The movement to have a national eisteddfod in Los Angeles next winter is creating considerable interest among the prominent Welsh people here. It is a great national musical event among the Welsh people in their own country and in America. Dr. J. W. Jones of Los Angeles has been communicating with the prominent Welsh leaders in the eastern states and has received the encouragement that several choirs would come from Pennsylvania, New York and Ohio, the three central points of the Welsh In America, In the event that it was decided to meet in Los Angeles. The Paclfic coast and local talent would largely swell the number of singers. It is proposed to have one of the largest musical events in Los Angeles that has ever occurred in America. If it is decided to have it here there will be sharp competition for excellent music and the winning of large prizes.
Dr. Jones says that every eisteddfod that has been held in this country has paid Its own expenses, but in order to secure successful results it would requlre the guarantee of $25,000 for the event in Los Angeles. This guarantee would be for the purpose of securing the choirs from the east. "It would require nine months of rehearsals," said Dr. Jones, "to perfect the choirs for the concerts that would continue from three to five days, the morning and afternoon sessions being devoted to contests nnd the evening sessions to the concerts. The eisteddfod would bring one of the largest and most refined gatherings ever assembled In Los Angeles."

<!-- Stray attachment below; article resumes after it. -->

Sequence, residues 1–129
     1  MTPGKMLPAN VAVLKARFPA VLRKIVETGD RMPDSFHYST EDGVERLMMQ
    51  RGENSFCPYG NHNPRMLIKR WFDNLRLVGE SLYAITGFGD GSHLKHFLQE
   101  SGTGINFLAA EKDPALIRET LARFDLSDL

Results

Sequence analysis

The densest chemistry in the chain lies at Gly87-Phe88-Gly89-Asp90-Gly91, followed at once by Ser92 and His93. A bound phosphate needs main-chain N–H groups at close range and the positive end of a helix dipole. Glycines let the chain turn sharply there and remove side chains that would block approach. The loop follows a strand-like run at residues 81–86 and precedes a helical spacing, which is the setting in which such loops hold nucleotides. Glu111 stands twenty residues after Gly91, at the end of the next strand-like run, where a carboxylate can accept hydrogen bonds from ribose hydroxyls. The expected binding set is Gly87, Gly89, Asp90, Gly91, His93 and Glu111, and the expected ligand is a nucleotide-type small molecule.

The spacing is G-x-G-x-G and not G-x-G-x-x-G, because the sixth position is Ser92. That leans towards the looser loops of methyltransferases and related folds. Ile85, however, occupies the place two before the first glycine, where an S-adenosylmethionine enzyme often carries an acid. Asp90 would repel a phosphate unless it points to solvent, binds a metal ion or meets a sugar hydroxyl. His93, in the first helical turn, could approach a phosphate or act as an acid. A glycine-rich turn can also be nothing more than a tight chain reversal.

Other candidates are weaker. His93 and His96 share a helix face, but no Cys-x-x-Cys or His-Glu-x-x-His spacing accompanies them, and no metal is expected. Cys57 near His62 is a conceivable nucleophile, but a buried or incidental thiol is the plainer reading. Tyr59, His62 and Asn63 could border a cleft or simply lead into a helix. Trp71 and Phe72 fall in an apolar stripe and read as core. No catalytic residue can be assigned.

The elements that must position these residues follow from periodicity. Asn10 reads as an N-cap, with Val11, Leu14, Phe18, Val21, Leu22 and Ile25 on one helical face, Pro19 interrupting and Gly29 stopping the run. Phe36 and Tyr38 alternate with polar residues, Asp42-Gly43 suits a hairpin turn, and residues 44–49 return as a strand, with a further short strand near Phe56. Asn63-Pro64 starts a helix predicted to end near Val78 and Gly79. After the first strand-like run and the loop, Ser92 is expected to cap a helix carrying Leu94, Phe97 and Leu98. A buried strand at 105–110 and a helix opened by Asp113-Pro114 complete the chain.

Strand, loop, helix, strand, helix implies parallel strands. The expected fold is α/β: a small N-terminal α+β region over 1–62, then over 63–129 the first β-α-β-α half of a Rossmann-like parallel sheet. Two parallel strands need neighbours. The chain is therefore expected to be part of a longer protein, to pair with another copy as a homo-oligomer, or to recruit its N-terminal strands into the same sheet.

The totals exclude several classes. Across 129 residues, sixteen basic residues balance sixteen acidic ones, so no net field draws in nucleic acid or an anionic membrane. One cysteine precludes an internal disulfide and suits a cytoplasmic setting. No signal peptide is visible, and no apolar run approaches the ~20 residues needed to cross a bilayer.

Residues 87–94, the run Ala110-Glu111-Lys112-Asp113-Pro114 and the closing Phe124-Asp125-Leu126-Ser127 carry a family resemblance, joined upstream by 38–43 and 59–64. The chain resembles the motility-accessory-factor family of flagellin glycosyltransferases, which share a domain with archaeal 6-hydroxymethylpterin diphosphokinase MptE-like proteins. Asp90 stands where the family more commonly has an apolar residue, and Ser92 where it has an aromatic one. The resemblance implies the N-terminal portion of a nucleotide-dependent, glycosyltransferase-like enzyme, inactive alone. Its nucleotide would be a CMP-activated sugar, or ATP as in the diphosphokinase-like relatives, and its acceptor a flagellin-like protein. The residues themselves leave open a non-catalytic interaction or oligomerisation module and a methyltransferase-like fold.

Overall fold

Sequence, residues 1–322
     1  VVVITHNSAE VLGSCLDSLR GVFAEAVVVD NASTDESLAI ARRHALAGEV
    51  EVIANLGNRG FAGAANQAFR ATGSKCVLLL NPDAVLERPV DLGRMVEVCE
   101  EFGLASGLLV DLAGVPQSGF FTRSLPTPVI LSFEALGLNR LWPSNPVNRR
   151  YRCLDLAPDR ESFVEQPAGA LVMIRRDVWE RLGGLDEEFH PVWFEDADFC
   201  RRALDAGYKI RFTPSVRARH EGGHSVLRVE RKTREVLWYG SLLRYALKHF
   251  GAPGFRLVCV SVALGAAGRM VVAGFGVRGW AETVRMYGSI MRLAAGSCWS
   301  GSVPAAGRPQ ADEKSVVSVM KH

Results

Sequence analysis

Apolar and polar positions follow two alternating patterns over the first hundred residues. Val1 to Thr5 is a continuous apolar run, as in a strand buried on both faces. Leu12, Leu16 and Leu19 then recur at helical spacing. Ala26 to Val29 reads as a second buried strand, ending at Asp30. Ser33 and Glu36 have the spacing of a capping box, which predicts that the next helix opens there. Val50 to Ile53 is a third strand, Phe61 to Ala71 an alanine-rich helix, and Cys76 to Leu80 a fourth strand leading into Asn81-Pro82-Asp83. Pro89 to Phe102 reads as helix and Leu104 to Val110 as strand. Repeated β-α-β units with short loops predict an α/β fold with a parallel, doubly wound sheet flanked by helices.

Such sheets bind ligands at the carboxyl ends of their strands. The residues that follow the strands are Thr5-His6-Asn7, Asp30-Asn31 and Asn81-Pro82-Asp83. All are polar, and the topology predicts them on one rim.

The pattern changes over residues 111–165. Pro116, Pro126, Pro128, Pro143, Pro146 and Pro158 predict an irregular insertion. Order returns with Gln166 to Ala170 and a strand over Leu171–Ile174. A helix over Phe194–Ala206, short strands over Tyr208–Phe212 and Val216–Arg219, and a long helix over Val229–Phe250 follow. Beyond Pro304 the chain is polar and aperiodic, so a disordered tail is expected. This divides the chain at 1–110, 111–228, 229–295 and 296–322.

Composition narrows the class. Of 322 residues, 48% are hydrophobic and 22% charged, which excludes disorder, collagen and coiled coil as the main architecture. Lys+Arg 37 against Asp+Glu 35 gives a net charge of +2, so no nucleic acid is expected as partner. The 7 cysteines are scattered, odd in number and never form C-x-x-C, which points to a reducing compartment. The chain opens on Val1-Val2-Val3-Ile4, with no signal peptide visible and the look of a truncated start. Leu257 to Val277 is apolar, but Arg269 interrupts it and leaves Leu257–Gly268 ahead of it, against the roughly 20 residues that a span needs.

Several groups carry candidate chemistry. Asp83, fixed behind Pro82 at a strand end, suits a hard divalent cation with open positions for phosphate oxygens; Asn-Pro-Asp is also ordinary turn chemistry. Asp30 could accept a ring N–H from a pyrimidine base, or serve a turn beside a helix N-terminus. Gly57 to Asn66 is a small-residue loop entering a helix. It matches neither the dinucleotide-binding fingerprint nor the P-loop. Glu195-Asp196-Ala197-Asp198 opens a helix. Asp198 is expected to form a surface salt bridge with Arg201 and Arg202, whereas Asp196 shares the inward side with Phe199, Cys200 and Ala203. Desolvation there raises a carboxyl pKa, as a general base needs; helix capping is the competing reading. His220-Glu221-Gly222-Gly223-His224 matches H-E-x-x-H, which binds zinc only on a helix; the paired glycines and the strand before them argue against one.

Merchants of Grain:
The Power and Profits of the Five Giant Companies at the Center of the World's Food Supply
Details how a handful of families have controlled the worlds grain trade for centuries. A great piece for families that till the soil, but one that is even more important to the people who live in the city; and have no idea of the power and control that these families wield.
From Captain John R. Sutton: "I am a captain on Mississippi River towboats. I have pushed millions of tons of grain down the Mississippi River for years. But I never really understood the gobal impact of the world's grain company's until I read this book."
Family Skeletons: Exploring the Lives of Our Disreputable Ancestors
Simon Fowler, Ruth Paley
Most families have a skeleton. You may have already discovered yours via the grapevine or your own research. Or you may simply be intrigued by the dark side of our past. This popular history explores the behaviour of our disreputable ancestors from the unfortunate to the criminal, and introduces a host of colourful characters including 17th century witches, 18th century 'mollies' and Victorian baby farmers. Thematically arranged by skeleton, the text also describes how society punished and provided for its 'offenders' - as well as the changing attitudes that could ultimately bring acceptance.